In 1994, Hanski published the incidence-function model, which elegantly formulated the relationships between the area and isolation of a habitat patch and the likelihood of it being occupied by a species (I. Hanski J. Anim. Ecol. 63, 151–162; 1994). This launched a new era of spatially explicit population models and was quickly adopted by ecologists.

Those of us who worked with Hanski will remember his sharp intellect and ceaseless enthusiasm for understanding nature. He was quick to adapt new methods and techniques. The Metapopulation Research Centre in Helsinki that Hanski established in 2000 consists of ecologists, evolutionary biologists, mathematicians, bioinformaticians and molecular biologists. Hanski also led Finland's first sequencing of an animal or plant genome: that of his Glanville butterfly, published in 2014 (V. Ahola et al. Nature Commun. 5, 4737; 2014).

In 2003, nearly 25 years after completing his thesis, Hanski returned to his beloved dung beetles. He launched a project in Madagascar to study the evolutionary biology of the island's diverse endemic species of dung beetle and how these ecologically crucial communities respond to habitat loss. He led a series of excursions to Madagascar to work with local students, his team from Finland and his family. These trips became legendary, both for their scientific value and for the camaraderie he fostered.

Among numerous honours, Hanski was awarded ecology's top gong, the Crafoord Prize in Biosciences, in 2011. And despite his hectic schedule, he always prioritized public engagement. In Finland, Hanski was known for his views on conservation, in particular the protection of old-growth forests. Hanski was also a powerful advocate for basic research, criticizing science policy that demanded immediate economic benefit and arguing that such short-sighted aims threaten the fundamental process by which knowledge is generated.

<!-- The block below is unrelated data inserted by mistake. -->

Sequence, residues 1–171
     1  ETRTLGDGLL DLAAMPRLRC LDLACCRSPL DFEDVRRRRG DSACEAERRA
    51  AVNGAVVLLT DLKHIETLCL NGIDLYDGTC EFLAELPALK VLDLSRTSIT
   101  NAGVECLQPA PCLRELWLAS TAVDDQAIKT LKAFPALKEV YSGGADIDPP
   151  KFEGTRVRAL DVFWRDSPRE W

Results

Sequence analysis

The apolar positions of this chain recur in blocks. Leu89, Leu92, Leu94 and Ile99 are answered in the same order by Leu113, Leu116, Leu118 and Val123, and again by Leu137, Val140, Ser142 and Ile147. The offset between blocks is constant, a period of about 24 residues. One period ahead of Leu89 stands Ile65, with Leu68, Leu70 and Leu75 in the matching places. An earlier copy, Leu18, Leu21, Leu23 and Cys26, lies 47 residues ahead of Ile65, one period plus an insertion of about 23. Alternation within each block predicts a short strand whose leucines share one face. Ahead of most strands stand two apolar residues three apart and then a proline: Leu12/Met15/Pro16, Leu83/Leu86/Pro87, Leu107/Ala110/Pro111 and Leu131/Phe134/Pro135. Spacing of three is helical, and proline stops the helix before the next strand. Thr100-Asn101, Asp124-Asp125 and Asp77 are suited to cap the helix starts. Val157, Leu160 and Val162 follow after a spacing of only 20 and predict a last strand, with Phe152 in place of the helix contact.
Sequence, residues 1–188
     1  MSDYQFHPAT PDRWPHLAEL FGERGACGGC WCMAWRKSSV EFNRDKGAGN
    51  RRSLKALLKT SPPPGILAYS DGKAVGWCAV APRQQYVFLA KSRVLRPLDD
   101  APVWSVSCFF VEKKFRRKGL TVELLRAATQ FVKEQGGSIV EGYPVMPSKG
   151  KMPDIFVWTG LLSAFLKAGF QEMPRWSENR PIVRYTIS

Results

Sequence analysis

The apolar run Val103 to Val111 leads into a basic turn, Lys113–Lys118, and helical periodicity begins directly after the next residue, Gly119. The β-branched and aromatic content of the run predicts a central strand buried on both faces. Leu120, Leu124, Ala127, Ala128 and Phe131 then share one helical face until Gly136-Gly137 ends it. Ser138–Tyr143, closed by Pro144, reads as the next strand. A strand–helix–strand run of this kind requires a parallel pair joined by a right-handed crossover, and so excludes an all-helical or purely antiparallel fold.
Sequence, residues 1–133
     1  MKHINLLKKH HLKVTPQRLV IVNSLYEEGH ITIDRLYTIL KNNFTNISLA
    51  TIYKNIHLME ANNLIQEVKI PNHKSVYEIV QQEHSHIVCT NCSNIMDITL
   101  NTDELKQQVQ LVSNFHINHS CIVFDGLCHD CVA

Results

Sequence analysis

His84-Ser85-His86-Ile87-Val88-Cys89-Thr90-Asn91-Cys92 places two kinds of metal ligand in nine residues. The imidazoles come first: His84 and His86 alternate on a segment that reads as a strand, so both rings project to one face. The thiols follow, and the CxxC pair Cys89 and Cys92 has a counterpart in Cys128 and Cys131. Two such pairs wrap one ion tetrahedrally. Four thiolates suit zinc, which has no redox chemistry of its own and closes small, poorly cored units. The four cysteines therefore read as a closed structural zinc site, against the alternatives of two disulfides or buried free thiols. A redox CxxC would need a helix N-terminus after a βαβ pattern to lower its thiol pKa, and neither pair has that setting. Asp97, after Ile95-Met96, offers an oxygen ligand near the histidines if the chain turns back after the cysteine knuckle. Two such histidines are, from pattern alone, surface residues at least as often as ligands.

Training young scientists was a top priority. Always keen to discuss ideas and offer feedback on manuscripts, Hanski became a co-author only on papers on which he felt he had made a significant intellectual contribution. This policy promoted the independence of early-career scientists working in the Metapopulation Research Centre. He loved to debate, and challenged everyone — regardless of their career stage — to discuss topics ranging from science to society.

Ilkka lived in Helsinki with his wife Eeva Furman, a professor of environmental policy, and three children. He was dedicated to his family, a quality that resulted in a family-friendly working environment in the centre. After being diagnosed with cancer in 2014, Ilkka, with typical determination, completed projects closest to his heart — notably a book, Messages from Islands: A Global Biodiversity Tour, to be published in December.

Ilkka had so much more to give and he touched so many in the ecology community. His death leaves a gap that won't be filled.